By: Matlhodi Leteane, Head of Operations, FNB Fiduciary
Many people still don’t see the value of having a valid Will. However, the COVID-19 pandemic has encouraged people to pay more attention to their estate and assets. According to FNB, over the course of lockdown there has been an increase in the number of people who are taking interest in drafting or updating their Will.
The Bank has seen an 8% increase in customers who are interesting in drafting a new Will or those who wish to update their existing Will.
A valid Will gives your executors clear instructions on how your estate and assets should be disposed upon your death. With National Wills Week set to take place from 26-30 October 2020, we encourage consumers to prioritise drafting and updating their Will. It’s important to have your Wills drafted by a professional with experience and expertise in this area. We often find that many wills that are drafted are often invalid due to irregulates or incorrect information presented.”
Your Will allows you to select your executor, rather than leaving this difficult task to family members after death. If you have minor children, you can nominate guardians in your Will. You can set up a testamentary trust where the assets left for the benefit of minor children can be prudently managed.
A Will should be updated whenever there is a change in personal circumstances, such as acquiring new or additional assets, the birth of a child, marriage or divorce. In the unfortunate event of you dying without a Will, your estate will be distributed intestacy, meaning that the law of intestate succession Act will come into play. In terms of the Act, the division rules of the assets are determined based on who survives you. For instance, if you are survived by a spouse, the spouse will inherit everything.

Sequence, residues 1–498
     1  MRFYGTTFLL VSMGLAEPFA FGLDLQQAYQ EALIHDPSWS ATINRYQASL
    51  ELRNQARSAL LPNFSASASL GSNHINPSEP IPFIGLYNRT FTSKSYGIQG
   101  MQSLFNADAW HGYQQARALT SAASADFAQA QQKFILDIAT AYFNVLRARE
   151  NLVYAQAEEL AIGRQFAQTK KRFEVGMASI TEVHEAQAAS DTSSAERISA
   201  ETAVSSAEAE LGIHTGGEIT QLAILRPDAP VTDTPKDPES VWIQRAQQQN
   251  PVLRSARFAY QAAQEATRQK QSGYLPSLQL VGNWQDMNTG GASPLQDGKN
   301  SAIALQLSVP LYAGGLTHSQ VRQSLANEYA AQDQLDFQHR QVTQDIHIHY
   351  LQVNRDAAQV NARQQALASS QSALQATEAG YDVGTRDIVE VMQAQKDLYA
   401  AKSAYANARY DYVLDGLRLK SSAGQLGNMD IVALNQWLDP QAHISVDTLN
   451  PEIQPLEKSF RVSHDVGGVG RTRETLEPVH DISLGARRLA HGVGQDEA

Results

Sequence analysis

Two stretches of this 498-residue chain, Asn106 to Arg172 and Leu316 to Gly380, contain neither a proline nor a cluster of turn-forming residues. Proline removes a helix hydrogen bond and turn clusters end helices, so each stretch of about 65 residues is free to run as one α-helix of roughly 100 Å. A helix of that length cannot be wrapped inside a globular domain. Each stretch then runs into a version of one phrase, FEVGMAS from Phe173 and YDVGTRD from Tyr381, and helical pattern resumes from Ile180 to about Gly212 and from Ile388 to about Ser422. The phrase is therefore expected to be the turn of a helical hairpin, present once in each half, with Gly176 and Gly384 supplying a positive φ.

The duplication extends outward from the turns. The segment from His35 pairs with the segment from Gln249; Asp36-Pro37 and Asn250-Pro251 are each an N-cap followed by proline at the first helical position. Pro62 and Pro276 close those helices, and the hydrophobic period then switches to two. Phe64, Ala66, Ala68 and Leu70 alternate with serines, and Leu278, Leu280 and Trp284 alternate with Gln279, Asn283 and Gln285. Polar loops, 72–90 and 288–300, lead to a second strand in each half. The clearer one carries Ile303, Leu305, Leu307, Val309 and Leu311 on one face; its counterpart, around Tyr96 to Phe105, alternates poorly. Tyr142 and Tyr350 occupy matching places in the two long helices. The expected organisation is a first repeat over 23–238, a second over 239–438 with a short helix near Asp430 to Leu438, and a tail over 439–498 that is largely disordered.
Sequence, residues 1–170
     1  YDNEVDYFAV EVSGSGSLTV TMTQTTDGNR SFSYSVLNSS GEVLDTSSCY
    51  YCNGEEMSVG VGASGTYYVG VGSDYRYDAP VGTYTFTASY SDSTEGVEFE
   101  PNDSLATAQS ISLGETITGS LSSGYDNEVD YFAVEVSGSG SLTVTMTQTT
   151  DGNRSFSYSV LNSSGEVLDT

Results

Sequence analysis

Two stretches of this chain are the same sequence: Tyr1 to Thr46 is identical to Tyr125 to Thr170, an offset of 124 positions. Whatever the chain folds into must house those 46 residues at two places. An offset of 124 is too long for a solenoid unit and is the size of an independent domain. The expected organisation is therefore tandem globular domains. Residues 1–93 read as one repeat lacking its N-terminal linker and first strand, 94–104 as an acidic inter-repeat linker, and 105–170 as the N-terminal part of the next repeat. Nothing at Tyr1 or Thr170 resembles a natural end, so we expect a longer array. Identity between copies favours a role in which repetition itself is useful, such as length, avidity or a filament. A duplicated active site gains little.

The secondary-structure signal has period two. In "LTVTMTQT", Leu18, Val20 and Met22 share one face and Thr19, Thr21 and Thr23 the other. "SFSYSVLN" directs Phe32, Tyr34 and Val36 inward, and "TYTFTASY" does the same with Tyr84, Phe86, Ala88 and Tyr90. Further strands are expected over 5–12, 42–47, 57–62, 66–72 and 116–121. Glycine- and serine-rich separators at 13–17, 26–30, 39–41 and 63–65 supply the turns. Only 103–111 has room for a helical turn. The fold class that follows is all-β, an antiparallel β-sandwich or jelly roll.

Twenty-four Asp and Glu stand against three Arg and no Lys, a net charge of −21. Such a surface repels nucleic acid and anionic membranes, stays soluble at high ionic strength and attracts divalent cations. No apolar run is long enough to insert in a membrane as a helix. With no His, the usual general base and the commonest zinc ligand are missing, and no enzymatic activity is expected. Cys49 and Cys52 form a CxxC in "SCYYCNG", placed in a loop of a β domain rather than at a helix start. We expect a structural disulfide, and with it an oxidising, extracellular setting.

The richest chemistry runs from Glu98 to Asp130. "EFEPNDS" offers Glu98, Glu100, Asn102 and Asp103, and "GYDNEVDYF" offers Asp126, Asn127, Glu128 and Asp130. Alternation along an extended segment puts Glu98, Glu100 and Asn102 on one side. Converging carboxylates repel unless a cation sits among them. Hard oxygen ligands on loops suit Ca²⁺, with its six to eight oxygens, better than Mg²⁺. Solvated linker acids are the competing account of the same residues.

It is worth noting that if a Will is made in another country, it would still be valid provided that it meets the requirements of the Wills Act. However, we must distinguish a South Africa Will in which foreign assets are disposed of, as certain countries have differing laws pertaining to the disposal of certain assets as well as the tax consequences thereof.
The Wills Act prescribes that a valid Will is one which is in writing, a testator must sign the Will at the end and two witnesses must attest to the signature of the testator. For practical reasons, a Will must also be dated. Over and above these, the testator must be 16 years old and above and the two witnesses must be 14 years old and above.
Even if you don’t have dependants, but you have assets which must be distributed after death, you still need a valid document which will inform the executor who must get what assets. Another option for singles that don’t have dependants is to leave the entire estate to a charitable organisation, such an Orphanage or a Hospice.
As we know that cost always play a factor in everything we do, we do advise consumers to note that the cost of having a valid Will varies from company to company.